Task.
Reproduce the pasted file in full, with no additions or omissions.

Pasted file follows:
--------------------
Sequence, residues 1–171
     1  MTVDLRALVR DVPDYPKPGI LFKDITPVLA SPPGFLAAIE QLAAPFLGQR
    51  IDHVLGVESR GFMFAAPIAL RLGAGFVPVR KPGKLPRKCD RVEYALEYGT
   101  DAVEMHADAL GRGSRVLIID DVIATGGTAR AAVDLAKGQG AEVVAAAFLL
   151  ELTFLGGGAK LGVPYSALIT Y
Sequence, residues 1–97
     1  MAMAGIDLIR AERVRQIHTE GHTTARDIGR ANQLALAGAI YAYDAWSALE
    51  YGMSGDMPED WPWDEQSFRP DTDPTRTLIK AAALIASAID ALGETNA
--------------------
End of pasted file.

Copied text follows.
Sequence, residues 1–171
     1  MTVDLRALVR DVPDYPKPGI LFKDITPVLA SPPGFLAAIE QLAAPFLGQR
    51  IDHVLGVESR GFMFAAPIAL RLGAGFVPVR KPGKLPRKCD RVEYALEYGT
   101  DAVEMHADAL GRGSRVLIID DVIATGGTAR AAVDLAKGQG AEVVAAAFLL
   151  ELTFLGGGAK LGVPYSALIT Y
Sequence, residues 1–97
     1  MAMAGIDLIR AERVRQIHTE GHTTARDIGR ANQLALAGAI YAYDAWSALE
    51  YGMSGDMPED WPWDEQSFRP DTDPTRTLIK AAALIASAID ALGETNA